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Philippine-American War Begins: February 4, 1899

The Philippine-American War began February 4, 1899, when shots were exchanged between a small number of American and Filipino forces in a Manila suburb. The war would last three years and end with the Philippines under American control for decades.

Fold3 Image - Artist's depiction of US soldiers in Philippine-American War (from a fictional newspaper story about the war)
The Philippine-American War (sometimes called the Philippine Insurrection) was both a continuation of the Philippine Revolution against Spanish colonial rule and a consequence of the Spanish-American War. During the Spanish-American War (April–August 1898, in which the United States fought Spain over Cuba), the Spanish territories of Guam, Puerto Rico, and the Philippines fell into American hands. Filipino fighters under Emilio Aguinaldo helped the Americans defeat the Spanish in the Philippines, as the Filipinos had been working to free themselves from Spanish rule since at least 1872 and saw this as their chance for independence.

However, as part of negotiations between the United States and Spain following the end of the Spanish-American War, the U.S. bought the Philippines from Spain for $20 million in November 1898. The Filipinos felt betrayed, since they had believed America to be on their side. Now, instead of gaining independence, the Filipinos believed they were simply trading one colonial power for another.

With U.S. forces controlling Manila and Filipino revolutionaries controlling the rest of the country, tensions were high between the two sides. Things finally came to a head on February 4, 1899, when shots were exchanged between the two sides outside Manila. The Filipinos launched a general offensive the following day. For the majority of the first year of the war, the Filipino revolutionaries fought in the conventional style, but they eventually shifted to guerilla warfare.

Before the war was even over, the U.S. began a pacification campaign, where they used promises of self-government, economic development, and social reform to win the support Filipino elites, in addition to providing schools and public services to gain the support of the average Filipino. These measures undermined the Filipino revolutionaries, and by the summer of 1902, things had calmed down enough for the U.S. to declare the war over, though smaller Filipino uprisings would occur for years to come.

In total, there were 4,300 American deaths, 1,500 of them from battle and most of the rest from disease. The Filipino toll was much higher: 20,000 Filipino fighters were killed, and an estimated 200,000 Filipino civilians died from hunger, disease, and other effects of the war. The Philippines would remain under various levels of American control until 1946, when it finally gained independence.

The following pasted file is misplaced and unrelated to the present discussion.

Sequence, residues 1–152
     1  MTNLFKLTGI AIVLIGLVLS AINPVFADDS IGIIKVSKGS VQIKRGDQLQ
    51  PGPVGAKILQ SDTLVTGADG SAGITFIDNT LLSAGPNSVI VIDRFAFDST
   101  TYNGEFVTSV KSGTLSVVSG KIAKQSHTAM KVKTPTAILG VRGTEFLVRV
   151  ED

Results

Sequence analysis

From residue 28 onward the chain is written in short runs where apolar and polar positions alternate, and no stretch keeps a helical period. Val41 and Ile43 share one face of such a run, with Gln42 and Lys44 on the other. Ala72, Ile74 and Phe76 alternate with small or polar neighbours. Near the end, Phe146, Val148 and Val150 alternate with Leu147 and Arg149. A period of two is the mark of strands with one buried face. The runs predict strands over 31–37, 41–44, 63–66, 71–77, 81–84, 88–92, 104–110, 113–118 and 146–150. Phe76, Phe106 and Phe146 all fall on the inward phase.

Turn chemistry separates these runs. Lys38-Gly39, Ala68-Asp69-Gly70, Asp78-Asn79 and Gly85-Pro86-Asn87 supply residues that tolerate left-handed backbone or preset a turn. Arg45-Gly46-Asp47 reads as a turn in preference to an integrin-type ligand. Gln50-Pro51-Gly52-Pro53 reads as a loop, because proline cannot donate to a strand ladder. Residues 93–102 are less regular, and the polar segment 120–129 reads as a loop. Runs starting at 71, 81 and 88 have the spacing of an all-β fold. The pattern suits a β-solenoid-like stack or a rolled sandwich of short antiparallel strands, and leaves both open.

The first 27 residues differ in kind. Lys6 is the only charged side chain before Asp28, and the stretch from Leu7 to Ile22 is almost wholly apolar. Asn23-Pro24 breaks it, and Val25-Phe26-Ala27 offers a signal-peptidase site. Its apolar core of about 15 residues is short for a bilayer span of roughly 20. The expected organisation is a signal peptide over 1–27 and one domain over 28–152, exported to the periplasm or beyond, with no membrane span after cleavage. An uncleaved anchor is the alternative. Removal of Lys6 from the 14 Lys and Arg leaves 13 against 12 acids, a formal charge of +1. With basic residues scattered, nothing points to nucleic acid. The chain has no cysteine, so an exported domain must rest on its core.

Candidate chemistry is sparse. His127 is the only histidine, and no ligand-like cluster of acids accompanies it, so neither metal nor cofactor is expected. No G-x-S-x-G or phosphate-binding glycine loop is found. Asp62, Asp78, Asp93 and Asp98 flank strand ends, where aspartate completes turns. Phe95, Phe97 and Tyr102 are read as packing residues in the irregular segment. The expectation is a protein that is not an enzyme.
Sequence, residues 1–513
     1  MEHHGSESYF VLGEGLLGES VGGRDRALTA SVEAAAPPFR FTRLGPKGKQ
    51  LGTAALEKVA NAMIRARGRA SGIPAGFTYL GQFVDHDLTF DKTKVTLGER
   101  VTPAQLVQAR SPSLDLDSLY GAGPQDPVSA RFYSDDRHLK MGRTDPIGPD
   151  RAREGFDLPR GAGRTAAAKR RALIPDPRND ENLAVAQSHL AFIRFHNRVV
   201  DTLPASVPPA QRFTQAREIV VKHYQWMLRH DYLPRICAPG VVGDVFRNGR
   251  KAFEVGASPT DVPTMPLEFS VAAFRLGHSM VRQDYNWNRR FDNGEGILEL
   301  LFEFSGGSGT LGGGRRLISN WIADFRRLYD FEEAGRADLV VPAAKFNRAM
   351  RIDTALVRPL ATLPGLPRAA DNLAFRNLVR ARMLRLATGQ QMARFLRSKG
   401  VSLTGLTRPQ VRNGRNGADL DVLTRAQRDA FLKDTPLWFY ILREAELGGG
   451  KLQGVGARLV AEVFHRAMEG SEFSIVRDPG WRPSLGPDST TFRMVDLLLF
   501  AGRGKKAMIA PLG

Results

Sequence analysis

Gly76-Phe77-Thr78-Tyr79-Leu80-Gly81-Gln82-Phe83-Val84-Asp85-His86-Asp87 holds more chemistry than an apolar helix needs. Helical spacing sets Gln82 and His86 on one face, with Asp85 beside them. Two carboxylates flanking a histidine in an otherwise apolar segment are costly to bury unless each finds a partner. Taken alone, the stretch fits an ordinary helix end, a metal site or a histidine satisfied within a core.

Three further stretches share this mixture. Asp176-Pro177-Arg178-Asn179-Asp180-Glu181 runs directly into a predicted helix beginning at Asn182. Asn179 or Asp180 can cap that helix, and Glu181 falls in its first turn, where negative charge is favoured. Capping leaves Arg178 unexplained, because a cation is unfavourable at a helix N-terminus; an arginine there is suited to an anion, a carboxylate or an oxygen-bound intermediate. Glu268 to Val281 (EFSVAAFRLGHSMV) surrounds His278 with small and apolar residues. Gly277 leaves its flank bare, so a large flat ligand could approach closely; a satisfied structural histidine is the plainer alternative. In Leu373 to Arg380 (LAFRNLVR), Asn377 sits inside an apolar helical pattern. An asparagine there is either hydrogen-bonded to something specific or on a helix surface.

1. trying to find L. Robenson was in the Virginia Cav. ??

  2. From a troop doggerel at the time:

    Underneath the Starry Flag
    Civilize ‘um with a Krag (infantry rifle)

    Seems to be the SOP in an America that claims exceptionalism.

    • ……A legitimate claim, I’d say!

    • The Philippines were better off under U.S. rule than Spanish, and in the long run fared better after their 1946 independence than they would have had they just become independent after the Spanish/American war.

    • And if you think it through, what did our control of the PI, do for the US, the PI, and indeed, the rest of the world? Just 40 short years later it allowed us to spread thin the Japanese invaders, and eventually push them back for both our benefits. The Filipino people have been a great ally then and now.

  3. ……A legitimate claim, I’d say!

  4. The USA, in its rush to be an empire, fought with a waning empire to claim the Philippines…and then fought a colonial war to overcome people who wanted freedom from empire.

    Wake up. We are not exceptional; we are no different from empires in the past, nor will we ultimately dodge responsibility for what we have done in the name of everything except our desire for power.

    Manifest Destiny, yellow journalism, Roosevelt corollary to the Monroe Doctrine EVEN THE rainbow Plans all evidence our ordinariness.

    • BS. Exceptionalism is not what you describe at all!

    • I was referring to the concept that the USA exists outside of history, that it differs from historical evidence. George Bancroft, the Jacksonian historian, is perhaps the first person (and best) to advance the case of American exceptionalism, and I suggest you read his early history of the USA.

      I cannot get around his vision and the vision seemingly shared by many even today, that the USA is the hand of god…or that the USA is somehow different than all the rest of the world.

    • Amen